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My feeling in that beet size is an important part of rates of post harvest loss. The problem is, I don’t have any evidence. There are many different factors related to post-harvest loss that beet size may impact upon, and rates of harvest and handling damage is one of the most important and easiest to quantify (see list at bottom of this post for other possible factors). So I want to start here.

If there is a different rate and/or type of damage depending on beet size, then it can be expected that rates of rot and thus loss under long term storage will also depend on size.


A survey of clamps should do. Randomly select 100 beets from a clamp, then do some sort of Monte Carlo selection based on weight to ensure a range of sizes, e.g. 10 beets per weight group (eg <0.8kg, 0.8 – 1.4kg, 1.4 – 2.0kg, >2kg). Measure their diameter and weight, then grade the root tip breakage, topping size, and any surface damage. The harvest + field transport method need to be known, as too variety, soil type and soil condition at harvest. Repeat this for as many clamps as possible.


Whenever in the harvest period, and whichever year. It is probably best to attempt this after good harvest conditions to ensure minimal dirt on the beets, just so grading of damage is easier. It would then be worth repeating after a wet period to see if rates of damage change.


Purely time and transport. I’d guess 2 hours per clamp. So five clamps = 10 hours. I think that you could just mark off 2 days and do this on as many clamps as you can access.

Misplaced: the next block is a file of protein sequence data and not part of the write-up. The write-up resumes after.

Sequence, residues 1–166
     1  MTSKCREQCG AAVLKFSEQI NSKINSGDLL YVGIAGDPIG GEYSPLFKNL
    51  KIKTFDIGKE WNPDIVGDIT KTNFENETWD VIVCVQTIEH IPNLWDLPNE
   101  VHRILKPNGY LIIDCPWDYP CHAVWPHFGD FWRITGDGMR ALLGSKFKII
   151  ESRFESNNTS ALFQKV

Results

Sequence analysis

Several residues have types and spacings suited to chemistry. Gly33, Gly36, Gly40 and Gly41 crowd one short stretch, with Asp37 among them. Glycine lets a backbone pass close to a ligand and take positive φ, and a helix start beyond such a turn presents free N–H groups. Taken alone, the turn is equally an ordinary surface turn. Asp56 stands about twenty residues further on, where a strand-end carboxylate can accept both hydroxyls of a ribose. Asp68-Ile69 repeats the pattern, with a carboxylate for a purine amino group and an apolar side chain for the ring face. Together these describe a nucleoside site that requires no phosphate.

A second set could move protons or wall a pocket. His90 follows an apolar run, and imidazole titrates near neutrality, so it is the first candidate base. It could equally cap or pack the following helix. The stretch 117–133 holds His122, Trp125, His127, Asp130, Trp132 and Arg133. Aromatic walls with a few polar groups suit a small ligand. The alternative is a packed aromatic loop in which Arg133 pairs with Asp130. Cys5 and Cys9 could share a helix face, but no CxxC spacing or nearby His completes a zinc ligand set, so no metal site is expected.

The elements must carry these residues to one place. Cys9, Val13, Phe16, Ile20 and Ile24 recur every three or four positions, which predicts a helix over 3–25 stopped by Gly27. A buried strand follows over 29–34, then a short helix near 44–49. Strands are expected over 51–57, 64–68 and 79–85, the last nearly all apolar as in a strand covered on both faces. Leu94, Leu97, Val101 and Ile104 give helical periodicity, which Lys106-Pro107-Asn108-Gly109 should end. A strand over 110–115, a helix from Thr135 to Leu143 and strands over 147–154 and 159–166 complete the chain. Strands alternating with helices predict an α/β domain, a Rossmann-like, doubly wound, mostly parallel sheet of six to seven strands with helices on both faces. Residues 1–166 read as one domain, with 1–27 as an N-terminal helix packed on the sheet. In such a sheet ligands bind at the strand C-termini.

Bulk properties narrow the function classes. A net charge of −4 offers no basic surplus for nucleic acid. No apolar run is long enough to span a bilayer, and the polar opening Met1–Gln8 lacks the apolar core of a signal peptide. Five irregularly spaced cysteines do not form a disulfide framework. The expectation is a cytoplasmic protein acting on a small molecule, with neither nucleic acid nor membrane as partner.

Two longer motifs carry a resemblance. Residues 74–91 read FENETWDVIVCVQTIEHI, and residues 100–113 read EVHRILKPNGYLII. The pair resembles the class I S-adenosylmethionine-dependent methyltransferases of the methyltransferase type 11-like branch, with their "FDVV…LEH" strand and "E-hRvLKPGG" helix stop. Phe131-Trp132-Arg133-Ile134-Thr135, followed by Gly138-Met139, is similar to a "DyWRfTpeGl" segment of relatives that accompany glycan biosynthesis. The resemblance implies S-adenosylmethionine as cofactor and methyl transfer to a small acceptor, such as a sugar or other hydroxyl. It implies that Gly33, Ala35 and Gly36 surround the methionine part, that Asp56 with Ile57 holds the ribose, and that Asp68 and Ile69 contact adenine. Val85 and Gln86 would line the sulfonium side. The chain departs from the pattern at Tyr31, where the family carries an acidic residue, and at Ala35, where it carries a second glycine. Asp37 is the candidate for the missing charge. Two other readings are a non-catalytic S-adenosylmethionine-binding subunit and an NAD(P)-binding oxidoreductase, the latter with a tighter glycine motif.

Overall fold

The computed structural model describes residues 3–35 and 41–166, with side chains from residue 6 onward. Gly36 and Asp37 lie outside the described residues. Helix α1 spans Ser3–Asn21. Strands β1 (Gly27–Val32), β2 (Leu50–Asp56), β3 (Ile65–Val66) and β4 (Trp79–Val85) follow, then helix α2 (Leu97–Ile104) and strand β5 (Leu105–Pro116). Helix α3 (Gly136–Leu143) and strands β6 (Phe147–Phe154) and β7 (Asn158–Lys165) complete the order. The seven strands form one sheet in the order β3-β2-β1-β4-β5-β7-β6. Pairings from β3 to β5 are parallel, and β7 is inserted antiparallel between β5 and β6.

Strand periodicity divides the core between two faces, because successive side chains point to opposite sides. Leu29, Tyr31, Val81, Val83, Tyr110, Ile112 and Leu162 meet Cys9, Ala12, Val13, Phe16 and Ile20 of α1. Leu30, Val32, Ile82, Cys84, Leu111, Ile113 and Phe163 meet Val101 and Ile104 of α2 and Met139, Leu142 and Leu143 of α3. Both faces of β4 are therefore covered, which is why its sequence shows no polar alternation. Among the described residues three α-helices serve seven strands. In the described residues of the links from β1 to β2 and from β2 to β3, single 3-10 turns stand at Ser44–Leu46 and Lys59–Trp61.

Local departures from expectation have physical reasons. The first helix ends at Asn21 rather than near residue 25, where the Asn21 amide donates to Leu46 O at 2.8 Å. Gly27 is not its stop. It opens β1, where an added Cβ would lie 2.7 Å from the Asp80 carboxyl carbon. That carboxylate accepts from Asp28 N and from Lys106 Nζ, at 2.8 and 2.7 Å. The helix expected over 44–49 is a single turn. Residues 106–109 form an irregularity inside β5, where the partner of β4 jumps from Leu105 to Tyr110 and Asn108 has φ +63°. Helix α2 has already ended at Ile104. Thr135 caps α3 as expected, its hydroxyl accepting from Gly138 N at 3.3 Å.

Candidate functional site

Interest/ time.


Other factors that beet size may impact

  • rates of moisture loss. Starting with, do larger beets have lower volume to surface area ratio (or “specific area”)?, thus are likely to lose less moisture per tonne with time?
  • air flow in clamps. Starting with, how does the bulk porosity of larger beets compare to smaller beets? There is one paper on this by Tabil. This will be something I can hopefully model with CFD (just take the same 3D models of sugar beets, have at two or three different scales, then use the physics component of Blender to form piles, turn these piles into geometry, and simulate air flow with CFD. Straight forward, hey…). If there is better airflow, then ventilation will be easier.
  • contact area. I’m not sure if it’s better to have more or less contact area during storage (is there more or less rot here or not), but I’m guessing size will matter here.

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